President Rouhani in TV debate defends his economic policies, backs reformers who say they have been oppressed since 1979 revolution
President Hassan Rouhani defended his efforts to improve Iran's economy and hit out at his hardline opponents in a final televised debate on Friday against challengers who aim to topple him in an increasingly acrimonious election next week.
Rouhani, swept into office in a landslide four years ago on promises to reduce Iran's international isolation, is seeking a second term after negotiating an agreement with world powers to curb Iran's nuclear programme in return for lifting sanctions.
"If we want a better economy, we should not let groups with security and political backing to get involved in the economy," Rouhani said during the debate, in an unmistakable swipe at the Revolutionary Guards Corps, an elite military force with a vast business empire, which has backed his main hardline opponent Ebrahim Raisi.
Rouhani cast his clerical opponents as power-hungry pawns of Iran's security forces, going far beyond the traditional bounds of Iranian political discourse.
"Mr Raisi, you can slander me as much you wish. As a judge of the clerical court, you can even issue an arrest order. But please don't abuse religion for power," Rouhani said at one point.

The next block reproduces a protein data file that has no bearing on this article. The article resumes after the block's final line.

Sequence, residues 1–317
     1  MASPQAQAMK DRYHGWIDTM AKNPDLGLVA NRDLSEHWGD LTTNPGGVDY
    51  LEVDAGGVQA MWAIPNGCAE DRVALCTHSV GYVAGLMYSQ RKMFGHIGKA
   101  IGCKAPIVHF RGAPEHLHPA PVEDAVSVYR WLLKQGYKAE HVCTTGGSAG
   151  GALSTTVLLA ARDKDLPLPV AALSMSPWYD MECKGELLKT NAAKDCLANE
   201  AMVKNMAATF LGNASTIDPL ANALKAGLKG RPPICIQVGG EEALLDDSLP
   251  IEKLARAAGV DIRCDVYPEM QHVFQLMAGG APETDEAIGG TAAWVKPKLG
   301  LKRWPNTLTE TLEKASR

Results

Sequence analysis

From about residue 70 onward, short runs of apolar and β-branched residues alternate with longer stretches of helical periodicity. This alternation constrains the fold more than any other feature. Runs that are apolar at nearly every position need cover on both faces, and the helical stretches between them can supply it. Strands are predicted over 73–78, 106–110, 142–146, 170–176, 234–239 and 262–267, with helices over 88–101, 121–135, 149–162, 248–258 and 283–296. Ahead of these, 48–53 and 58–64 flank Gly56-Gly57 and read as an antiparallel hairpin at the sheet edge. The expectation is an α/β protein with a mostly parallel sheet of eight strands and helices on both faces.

"Some security and revolutionary groups are busing people to your campaign rallies ... Who finances them?" he said at another point.
He cast his other main rival, Tehran Mayor Mohammad Bagher Ghalibaf, a former Guards commander and police chief, as a thug who had boasted of personally taking on young demonstrators.
"You wanted to beat up students," Rouhani said.
Normally measured in his public speeches, Rouhani has become increasingly forceful in recent days, giving voice to the grievances of reformers who say they have been oppressed since the 1979 Islamic Revolution by security forces like the guards.
"I am surprised. Those of you who talk about freedom of speech these days ... [you are] those who cut out tongues and sewed mouths shut," Rouhani told a rally on Monday in a thinly veiled attack on Raisi, a former jurist involved in mass executions of political prisoners in the 1980s.
"Our people want political and social freedom ... In the election they will not vote for those who knew only executions and prison for 38 years," Rouhani said in a rally on Tuesday.
He faces five challengers led by Raisi and Ghalibaf, who both say Rouhani has sold Iran's interests too cheaply to the West and allowed the economy to decay through mismanagement.
The first round is on 19 May, with a run-off a week later if no candidate wins more than 50 percent of the vote.
Although Iran's political system puts ultimate power in the hands of an unelected supreme leader, and all candidates are vetted by a hardline watchdog body, elections are nevertheless hard-fought contests that can bring dramatic change.
As in two earlier, bruising debates, the main challengers tore into Rouhani's economic record, arguing that he failed to bring Iranians a better life despite the lifting of sanctions.